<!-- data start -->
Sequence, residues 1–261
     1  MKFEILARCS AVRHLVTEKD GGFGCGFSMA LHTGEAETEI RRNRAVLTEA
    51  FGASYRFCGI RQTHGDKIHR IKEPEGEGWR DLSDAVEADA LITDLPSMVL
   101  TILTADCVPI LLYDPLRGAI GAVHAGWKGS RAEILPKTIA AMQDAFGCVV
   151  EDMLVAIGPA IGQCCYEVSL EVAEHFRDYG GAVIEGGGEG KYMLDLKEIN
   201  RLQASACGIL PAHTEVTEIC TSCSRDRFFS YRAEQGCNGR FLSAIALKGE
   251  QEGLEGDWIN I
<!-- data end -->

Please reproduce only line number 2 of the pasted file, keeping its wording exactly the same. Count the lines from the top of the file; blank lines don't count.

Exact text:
     1  MKFEILARCS AVRHLVTEKD GGFGCGFSMA LHTGEAETEI RRNRAVLTEA